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Resources > Articles

The "M" Word

Contribued By Melissa Dubie

The “M” word is masturbation. For everyone involved, it can be an uncomfortable topic when discussed at case conferences, parent meetings, or within one’s own family. The fact is that when each of us were infants, we spent time discovering our bodies, including our toes, feet, fingers, and yes even our vagina or penis. As boys and girls reach puberty, their sex hormones become more active. Many adolescents begin to have even more pleasurable and excited feelings about their own bodies and may be more attracted to and interested in other people’s bodies (Harris, 1994). Even though the feelings are hard to describe, they are normal feelings. They happen at different times and in different ways for both boys and girls. Actually, if individuals have not begun masturbating before adolescence, they likely will begin their hormonal and physical changes when puberty starts. Many males begin masturbating between ages 13 and 15, whereas the onset among females occurs more gradually (Strong, et al., 2005). While these statistics are for neuro-typical adolescents, they also apply to individuals on the autism spectrum. The sexual feelings and needs of individuals on the autism spectrum are no different than the rest of the population. People of all ages masturbate including children, teenagers, married and unmarried adults, and the elderly because it “feels good” (Gravelle, 1998).

Myths and Facts

How people view masturbation is an issue that needs to be addressed. Years ago, it was felt that masturbating would cause a person to go blind or insane, or cause pimples. This is not true. Others believed that if one ate graham crackers and Kellogg’s Corn Flakes (Strong, et al., 2005), a person could be “cured” of masturbating. This is a myth as well. Masturbation is not physically harmful unless abusive means are used. Another myth is that masturbating will ruin a person for their first normal sexual relationship. Actually enjoying masturbation may help prepare a person for sex with another person. When one explores their own body there is an opportunity to learn what feels best. Later, you will be in a better position to let your sexual partner know the things that you like. Another fact is that masturbation never results in a pregnancy, or in getting or passing on infections.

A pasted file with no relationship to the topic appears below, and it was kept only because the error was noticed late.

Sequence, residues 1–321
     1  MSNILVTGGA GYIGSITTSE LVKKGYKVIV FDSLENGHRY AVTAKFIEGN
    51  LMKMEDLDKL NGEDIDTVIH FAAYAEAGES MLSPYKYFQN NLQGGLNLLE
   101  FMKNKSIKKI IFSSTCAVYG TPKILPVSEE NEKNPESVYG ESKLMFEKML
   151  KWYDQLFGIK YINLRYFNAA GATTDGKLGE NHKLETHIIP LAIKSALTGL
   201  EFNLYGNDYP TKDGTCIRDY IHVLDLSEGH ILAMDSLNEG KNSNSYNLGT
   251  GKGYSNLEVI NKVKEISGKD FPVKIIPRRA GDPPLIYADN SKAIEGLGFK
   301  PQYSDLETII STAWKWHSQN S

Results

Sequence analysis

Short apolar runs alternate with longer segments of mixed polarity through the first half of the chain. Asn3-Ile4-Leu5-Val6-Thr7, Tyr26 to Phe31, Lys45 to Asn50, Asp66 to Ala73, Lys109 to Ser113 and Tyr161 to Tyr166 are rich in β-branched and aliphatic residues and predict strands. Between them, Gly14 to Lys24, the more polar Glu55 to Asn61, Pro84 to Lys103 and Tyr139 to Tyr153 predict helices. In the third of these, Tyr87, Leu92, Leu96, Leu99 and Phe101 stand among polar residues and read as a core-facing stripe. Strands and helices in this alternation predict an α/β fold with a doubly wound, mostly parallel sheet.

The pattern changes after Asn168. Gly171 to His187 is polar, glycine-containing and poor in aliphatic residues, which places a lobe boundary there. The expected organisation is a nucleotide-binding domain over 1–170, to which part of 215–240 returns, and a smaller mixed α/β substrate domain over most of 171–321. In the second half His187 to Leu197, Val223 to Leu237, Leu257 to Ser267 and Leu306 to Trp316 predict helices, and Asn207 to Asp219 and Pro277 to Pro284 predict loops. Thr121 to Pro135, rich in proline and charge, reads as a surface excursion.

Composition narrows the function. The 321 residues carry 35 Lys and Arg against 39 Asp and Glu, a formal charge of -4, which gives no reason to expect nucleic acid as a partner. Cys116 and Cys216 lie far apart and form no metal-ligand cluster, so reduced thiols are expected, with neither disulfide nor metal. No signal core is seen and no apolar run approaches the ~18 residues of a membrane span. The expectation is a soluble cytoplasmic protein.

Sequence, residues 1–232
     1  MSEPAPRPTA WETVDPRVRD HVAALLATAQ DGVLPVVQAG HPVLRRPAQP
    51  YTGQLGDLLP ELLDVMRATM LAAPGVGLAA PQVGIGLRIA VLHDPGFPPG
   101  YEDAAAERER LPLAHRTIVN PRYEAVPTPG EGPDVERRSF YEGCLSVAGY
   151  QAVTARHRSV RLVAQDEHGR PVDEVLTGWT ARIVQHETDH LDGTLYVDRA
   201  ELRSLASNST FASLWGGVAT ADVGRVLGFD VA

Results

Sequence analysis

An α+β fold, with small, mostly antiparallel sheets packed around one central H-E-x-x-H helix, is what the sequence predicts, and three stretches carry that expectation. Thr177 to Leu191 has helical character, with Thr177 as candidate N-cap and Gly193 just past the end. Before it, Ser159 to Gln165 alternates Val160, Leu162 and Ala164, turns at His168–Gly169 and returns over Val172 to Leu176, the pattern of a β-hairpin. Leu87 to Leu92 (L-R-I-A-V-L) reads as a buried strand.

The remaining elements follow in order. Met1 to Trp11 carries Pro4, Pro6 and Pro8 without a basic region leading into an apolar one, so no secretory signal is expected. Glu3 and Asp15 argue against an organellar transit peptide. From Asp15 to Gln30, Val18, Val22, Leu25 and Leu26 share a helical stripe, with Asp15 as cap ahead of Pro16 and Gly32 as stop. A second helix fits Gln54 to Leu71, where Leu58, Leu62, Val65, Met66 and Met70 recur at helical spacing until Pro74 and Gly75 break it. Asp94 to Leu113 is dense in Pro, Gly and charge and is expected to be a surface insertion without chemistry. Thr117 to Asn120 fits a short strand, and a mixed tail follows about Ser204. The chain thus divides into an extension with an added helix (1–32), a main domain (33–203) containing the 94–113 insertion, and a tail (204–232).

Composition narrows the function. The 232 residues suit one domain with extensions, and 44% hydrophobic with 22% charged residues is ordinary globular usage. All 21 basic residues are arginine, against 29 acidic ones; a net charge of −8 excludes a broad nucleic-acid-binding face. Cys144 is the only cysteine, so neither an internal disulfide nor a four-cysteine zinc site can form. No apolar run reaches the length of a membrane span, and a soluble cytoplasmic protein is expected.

Adolescents with Autism

With neuro-typical adolescents, parents usually don’t need to address the issue of masturbation because their son or daughter is able to understand the social cues associated with it from friends and parents. They understand that it is to be done in a private place, and to not discuss or do it in a public area. However, individuals on the autism spectrum may not be embarrassed about talking about their bodies. They may be unaware of the reactions of others or may continue to discuss the topic despite the negative attention of others. These individuals may have naturally started to fondle themselves. When they realize how good it feels, they may do it more. Their families may not be sure how to address the masturbation because their other children just “figured it out” for themselves. Other times, adults mistakenly believe that masturbation is a behavior a child will soon tire of and stop on his or her own (Wrobel, 2003). This is usually not the case. When a child is masturbating even occasionally in public, it needs to be addressed by his or her teachers and parents immediately.

How to React

Is masturbation morally wrong? Parents must talk among themselves about their beliefs, how they will react, and how they will teach their child about masturbation. Within the discussion, parents must consider their adolescents ability to understand this concept (e.g., cognitive abilities, ability to process information). One must also be careful about how your adolescent thinks you perceive him or her touching their genitals. For example, if you view it as “nasty or dirty” and touching oneself is strictly forbidden, then your adolescent may refuse to have a medical physician touch their penis or vagina during an exam because they interpret the rule literally. Or your child may conceal their masturbatory play from you, and start masturbating in inappropriate places (e.g., playground, school bus, locker room, hallway, community park). This could lead to more serious problems. Knowing your child, and demonstrating maturity and calm understanding is essential. For example, remain calm and do not scream when catching your son or daughter masturbating. Rather than simply telling your son or daughter to stop the behavior, teachers and parents should discuss why it is inappropriate to do so in public. It is important to teach one’s adolescent with autism strategies when, where, and how to be safe in regards to masturbation.

Questions and Answers

Parents, teachers, and individuals on the autism spectrum have called the Indiana Resource Center for Autism asking many questions related to masturbation. There isn’t one prescribed answer to all of the specific scenarios, but rather resources and ideas to explore. Here are a few of the scenarios:

My son is masturbating in the living room when he watches his favorite television show, how do I handle this situation?

  • Teach rules and the boundaries about privacy with the use of social stories, pictures, and videos. Compare masturbating to another experience that he does by himself like taking a shower or using the restroom. Teach him that one should only touch oneself in a “private” area. It is imperative to teach private and public behaviors when children are young. Calgary Health Program has a useful lesson plan on their website (www.teachingsexuality.ca) to teach the terms public and private.